Varios VariosScott Pilgrim Vs. The World
The series of comics starring Scott Pilgrim, from which we get the film and the soundtrack we’ll discuss here, drawn by Bryan Lee O’Malley, has the virtue of appearing to be (pre- and post-) adolescent. That is to say, its story of vile ex-boyfriends who urinate on street corners to mark their territory and who face off against a Peter Parker-style star, the typical trite but effective plot, is accompanied by straight, wide lines of ink and the poses of mangas. The movie in question has a lot of video game and pulp (if you don’t know anything about it, check out the trailer), but nevertheless, it never slips into stereotypical jokes or trash like “Just Married” and other ten a penny film productions aimed at audiences with pimples on their face and a love story in hand (or between their legs). Part of the responsibility for this achievement goes to the House Guarantee, lately also the Offer of the Season (at least since 2007), Michael Cera (the guy from “Juno” and future net-thrower in “Spiderman IV”). That is to say, “Scott Pilgrim vs. the World” is a purely indie product, and therefore its soundtrack is more reliable than TMZ’s exclusives.
Among the artists who contribute to the album, the starring role goes to Beck, who sings the songs of Sex Bob-omb, Scott’s band in the comic, with a fake amateur production quite precise in it’s fake poor inspiration (later he’ll fix it with the charmed and charming “Ramona”); Broken Social Scene plays the rival group, Crash And The Boys, with the necessary humour required by a story that is almost crazy, with “We Hate You Please Die” and the (extremely) fleeting “I'm So Sad, So Very, Very Sad”, as well as another of their own, with a title that is practically custom-made for the occasion, “Anthems for a Seventeen-Year-Old Girl”. Add to this the appearance-homage of girl band Plumtree with the song that inspired the origins of the whole thing, “Scott Pilgrim” and the rhetoric exclamation “Oh, Katrina!” by Black Lips (the more believable flesh and blood version of Sex Bob-omb), and we will have a truly right-on slight smell of garage rock. And we still have some old relics to appreciate, like the glam of “Teenage Dream” by Marc Bolan, or “I Heard Ramona Sing” by Frank Black.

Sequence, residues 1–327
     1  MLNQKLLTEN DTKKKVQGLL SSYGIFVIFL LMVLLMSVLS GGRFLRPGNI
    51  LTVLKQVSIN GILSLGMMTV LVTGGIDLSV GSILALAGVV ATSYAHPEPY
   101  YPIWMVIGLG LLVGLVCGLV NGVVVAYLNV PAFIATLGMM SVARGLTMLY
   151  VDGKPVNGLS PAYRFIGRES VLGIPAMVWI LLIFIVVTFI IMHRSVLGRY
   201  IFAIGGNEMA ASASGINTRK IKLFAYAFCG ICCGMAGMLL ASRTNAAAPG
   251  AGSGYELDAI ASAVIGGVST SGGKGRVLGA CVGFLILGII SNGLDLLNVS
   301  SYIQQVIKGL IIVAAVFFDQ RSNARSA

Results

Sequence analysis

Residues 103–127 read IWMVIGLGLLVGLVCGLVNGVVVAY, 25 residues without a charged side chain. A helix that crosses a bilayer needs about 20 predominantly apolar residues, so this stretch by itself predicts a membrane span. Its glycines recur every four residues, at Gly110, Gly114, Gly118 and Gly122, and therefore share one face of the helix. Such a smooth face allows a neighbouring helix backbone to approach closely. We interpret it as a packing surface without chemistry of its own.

The sentimental, sweet Sade cover by Beachwood Sparks ( “By Your Side”) and the gentle but painful “Sleazy Bed Track” by The Bluetones, stand out, both cuts with a pleasurable-romantic, anti-garage aesthetic; we could say that they give colour to a collection of songs that, even though they call on old classics –The Rolling Stones, Metric, Blood Red Shoes and the inevitable man with the connection, Brian LeBarton (thanks, Beck)– still seems like a group of B-sides without enough presence to convince anyone beyond fans of the genre and the film/comic. If they had added here the works by Goldrich, Cornelius and Dan The Automator that are on the original soundtrack (the classic, old one), maybe things would have been different (or not).